Coordinating Partner made these comments to Engagement Partner, a few members of the Engagement Team, and even employees at another audit client. Engagement Partner responded to Coordinating Partner’s comments by denying that Brehl maintained a romantic interest in her or by walking away. Despite her denials, Coordinating Partner continued to repeat these sorts of comments, including in January 2014 when he told a member of the Engagement Team that he thought Brehl’s romantic interest in Engagement Partner was the reason she had been selected as the coordinating partner on the Engagement Team.
On Feb. 11, 2014, Vice Presidents A and B informally met with Coordinating Partner and another audit firm partner at a restaurant after work. A and B expressed concern that Brehl and Engagement Partner were engaged in an inappropriate relationship. In response, Coordinating Partner and the other audit firm partner described their observations of other potentially inappropriate interactions between Brehl and Engagement Partner. Without inquiring further, Coordinating Partner authorized the release of the firm’s Report of Independent Registered Public Accounting Firm, which Ventas filed on Feb. 18, 2014.
Despite Coordinating Partner’s observation and the comments of A and B, Coordinating Partner never inquired of Engagement Partner about the extent of her relationship with Brehl or provided her with guidance. Nor did he raise any concerns about Brehl’s and Engagement Partner’s relationship with the audit firm’s U.S. Independence group. Coordinating Partner’s failure in this regard violated the audit firm’s independence policies. Those policies provide that coordinating partners bear ultimate responsibility for independence issues on their engagements and in that regard they must identify threats to the audit firm’s independence, and upon such identification, consult with the audit firm’s U.S. Independence group. Coordinating Partner did none of these things.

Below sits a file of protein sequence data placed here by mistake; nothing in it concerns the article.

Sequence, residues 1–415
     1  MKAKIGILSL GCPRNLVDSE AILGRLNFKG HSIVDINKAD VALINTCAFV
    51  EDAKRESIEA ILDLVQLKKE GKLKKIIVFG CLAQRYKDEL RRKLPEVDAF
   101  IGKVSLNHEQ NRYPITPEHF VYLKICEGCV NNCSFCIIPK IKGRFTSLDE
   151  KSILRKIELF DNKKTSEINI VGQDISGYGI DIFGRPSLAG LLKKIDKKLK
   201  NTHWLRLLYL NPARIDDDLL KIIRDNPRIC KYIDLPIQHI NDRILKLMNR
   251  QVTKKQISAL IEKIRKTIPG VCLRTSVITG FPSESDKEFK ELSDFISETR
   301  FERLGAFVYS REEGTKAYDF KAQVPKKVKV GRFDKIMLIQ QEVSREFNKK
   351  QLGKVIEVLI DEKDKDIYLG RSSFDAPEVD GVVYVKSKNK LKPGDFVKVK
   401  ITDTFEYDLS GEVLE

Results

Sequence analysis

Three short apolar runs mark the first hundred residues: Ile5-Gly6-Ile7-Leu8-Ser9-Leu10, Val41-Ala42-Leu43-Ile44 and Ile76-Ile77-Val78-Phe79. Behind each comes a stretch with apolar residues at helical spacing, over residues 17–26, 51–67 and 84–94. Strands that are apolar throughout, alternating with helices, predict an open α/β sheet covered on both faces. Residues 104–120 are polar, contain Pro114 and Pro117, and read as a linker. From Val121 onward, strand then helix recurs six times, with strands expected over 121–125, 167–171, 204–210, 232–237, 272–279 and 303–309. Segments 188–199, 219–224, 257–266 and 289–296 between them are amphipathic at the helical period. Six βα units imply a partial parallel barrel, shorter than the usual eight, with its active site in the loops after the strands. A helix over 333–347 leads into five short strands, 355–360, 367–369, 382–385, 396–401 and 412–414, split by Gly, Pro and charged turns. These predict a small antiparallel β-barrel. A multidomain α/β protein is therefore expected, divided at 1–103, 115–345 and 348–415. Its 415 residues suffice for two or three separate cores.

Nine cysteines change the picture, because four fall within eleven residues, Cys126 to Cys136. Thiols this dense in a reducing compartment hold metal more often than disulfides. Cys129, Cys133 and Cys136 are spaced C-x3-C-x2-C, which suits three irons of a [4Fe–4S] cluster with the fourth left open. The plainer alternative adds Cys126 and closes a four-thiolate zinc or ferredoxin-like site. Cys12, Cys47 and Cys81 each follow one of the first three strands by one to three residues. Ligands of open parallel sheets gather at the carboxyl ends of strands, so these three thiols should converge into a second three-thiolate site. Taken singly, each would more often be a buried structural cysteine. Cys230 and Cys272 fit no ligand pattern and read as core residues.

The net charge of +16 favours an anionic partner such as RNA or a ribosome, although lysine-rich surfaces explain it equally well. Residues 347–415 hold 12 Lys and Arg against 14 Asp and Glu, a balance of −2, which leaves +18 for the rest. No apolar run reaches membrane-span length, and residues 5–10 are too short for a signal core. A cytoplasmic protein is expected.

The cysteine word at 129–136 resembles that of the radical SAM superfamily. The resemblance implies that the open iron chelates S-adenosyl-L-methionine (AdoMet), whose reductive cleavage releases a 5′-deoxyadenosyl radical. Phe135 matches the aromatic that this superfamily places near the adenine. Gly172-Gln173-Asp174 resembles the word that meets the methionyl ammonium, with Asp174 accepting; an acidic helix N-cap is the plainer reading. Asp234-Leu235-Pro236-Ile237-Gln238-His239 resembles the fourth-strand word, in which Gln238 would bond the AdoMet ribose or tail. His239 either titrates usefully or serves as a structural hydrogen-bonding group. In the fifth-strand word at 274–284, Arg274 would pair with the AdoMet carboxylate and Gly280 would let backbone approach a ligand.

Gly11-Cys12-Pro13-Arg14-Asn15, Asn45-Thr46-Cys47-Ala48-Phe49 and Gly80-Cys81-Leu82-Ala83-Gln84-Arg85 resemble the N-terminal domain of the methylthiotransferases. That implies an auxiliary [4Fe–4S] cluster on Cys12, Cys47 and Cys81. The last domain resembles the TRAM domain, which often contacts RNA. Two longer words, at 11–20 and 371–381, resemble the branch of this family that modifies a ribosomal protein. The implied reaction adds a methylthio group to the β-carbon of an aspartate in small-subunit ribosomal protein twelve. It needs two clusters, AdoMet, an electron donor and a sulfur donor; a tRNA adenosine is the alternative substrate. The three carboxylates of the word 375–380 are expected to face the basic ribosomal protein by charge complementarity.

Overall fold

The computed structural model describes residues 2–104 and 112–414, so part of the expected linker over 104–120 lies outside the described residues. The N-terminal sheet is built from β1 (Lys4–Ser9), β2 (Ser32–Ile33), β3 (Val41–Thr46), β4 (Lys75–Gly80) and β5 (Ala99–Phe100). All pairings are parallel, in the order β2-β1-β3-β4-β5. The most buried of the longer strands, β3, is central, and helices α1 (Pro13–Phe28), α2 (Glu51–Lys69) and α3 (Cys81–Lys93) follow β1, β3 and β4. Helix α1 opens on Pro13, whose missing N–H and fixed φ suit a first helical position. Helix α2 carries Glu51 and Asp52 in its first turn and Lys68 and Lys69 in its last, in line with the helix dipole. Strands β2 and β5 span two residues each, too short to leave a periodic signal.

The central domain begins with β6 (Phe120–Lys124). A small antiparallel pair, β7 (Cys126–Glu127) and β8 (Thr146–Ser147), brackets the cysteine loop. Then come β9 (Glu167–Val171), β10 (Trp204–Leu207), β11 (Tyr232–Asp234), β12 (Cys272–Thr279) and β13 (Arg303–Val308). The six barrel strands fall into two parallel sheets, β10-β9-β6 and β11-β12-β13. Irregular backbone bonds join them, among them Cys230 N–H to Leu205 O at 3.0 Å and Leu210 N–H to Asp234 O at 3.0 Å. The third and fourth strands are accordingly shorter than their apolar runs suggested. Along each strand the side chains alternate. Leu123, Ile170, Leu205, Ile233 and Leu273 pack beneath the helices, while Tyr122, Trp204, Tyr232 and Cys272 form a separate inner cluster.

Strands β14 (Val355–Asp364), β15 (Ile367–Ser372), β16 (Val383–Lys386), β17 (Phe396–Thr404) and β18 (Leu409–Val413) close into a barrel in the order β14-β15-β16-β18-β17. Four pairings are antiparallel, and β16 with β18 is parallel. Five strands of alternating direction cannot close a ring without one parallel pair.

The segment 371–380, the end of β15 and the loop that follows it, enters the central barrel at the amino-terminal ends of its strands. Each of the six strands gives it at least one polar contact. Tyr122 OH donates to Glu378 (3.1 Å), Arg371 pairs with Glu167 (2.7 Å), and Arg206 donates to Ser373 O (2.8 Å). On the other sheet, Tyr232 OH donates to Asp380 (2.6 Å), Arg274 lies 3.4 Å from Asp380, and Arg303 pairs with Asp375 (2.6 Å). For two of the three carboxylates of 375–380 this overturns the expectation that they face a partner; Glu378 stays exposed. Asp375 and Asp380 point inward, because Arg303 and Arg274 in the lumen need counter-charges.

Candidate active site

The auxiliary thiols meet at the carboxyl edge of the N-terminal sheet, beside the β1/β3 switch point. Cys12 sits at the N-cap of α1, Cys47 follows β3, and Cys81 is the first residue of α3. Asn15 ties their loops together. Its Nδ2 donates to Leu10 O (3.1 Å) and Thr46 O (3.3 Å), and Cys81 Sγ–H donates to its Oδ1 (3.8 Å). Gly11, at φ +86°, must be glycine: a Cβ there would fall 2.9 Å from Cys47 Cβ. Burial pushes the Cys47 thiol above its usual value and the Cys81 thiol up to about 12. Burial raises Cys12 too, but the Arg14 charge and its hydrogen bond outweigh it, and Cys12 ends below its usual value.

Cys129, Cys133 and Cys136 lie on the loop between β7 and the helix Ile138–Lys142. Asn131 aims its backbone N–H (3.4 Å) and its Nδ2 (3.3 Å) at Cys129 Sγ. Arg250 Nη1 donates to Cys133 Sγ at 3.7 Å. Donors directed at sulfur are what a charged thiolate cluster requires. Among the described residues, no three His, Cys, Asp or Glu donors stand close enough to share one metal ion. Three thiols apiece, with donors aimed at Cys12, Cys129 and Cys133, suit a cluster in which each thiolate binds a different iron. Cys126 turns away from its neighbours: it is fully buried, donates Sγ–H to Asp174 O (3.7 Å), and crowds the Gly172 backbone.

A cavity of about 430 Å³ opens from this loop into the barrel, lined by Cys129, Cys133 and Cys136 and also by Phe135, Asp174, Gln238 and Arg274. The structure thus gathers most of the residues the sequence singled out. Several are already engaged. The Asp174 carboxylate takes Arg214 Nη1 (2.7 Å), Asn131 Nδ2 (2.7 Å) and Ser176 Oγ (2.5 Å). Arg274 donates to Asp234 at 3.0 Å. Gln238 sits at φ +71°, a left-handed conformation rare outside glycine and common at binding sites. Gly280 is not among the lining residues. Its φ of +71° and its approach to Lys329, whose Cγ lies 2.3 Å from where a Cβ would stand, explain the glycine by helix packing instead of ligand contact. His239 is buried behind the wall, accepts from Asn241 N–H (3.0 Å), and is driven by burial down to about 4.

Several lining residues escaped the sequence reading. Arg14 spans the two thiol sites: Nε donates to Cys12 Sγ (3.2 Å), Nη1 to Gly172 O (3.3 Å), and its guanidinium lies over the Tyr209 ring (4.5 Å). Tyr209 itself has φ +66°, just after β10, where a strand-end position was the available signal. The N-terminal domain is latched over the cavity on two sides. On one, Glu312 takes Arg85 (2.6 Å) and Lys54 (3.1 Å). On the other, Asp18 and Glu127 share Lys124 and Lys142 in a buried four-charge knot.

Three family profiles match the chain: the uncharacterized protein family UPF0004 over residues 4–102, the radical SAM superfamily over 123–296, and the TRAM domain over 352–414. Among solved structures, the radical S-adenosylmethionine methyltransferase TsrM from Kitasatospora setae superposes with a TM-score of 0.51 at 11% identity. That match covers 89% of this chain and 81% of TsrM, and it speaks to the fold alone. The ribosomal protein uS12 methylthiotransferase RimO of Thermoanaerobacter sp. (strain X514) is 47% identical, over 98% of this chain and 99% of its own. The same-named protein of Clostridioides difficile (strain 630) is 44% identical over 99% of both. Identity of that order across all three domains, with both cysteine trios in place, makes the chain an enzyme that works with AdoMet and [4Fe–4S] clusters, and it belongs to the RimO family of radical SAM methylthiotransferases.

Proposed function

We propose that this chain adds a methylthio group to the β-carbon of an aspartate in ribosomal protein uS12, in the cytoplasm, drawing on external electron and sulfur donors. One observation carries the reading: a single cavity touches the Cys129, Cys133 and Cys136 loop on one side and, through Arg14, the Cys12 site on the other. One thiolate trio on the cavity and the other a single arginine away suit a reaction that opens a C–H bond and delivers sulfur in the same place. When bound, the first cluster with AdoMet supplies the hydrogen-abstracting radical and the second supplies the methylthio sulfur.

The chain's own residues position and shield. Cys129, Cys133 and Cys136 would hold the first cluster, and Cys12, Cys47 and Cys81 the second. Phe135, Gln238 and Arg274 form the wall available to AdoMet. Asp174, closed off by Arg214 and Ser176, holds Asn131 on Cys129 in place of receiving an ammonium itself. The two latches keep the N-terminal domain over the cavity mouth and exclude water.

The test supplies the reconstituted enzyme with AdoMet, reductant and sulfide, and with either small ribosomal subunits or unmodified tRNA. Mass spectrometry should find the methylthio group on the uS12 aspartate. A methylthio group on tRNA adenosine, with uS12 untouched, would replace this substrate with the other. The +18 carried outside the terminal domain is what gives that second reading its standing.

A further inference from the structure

For all of this, the SEC found that Coordinating Partner engaged in improper professional conduct and denied him the privilege of appearing or practicing before the Commission as an accountant, for three years.
What to Do (if you’re Coodinating Partner)
I am most interested in Coordinating Partner here. As described in the SEC’s allegations, he had a lot of data suggesting an inappropriate relationship between Engagement Partner and Brehl. But how sure do you have to be? And if you’re in that position, what do you have to do? The allegations section suggests that he should have confronted Engagement Partner about it directly. Would you want to do that? I wouldn’t. The allegations section also says he didn’t raise any concerns about Brehl’s and Engagement Partner’s relationship with the audit firm’s U.S. Independence group. Now that may be an easier lift. He did mention his concerns to other members of the engagement team, but that doesn’t appear to be enough. For people in Coordinating Partner’s position – viewing a personal relationship with an officer at an audit client – don’t keep that information to yourself, and don’t just gossip about it. Make sure the right people at your firm know what you know. Here, it was the audit firm’s U.S. Independence group. At another firm, it might be another group. But let the group know, and document the communication. Coordinating Partner here can’t appear before the SEC for three years because he didn’t do that.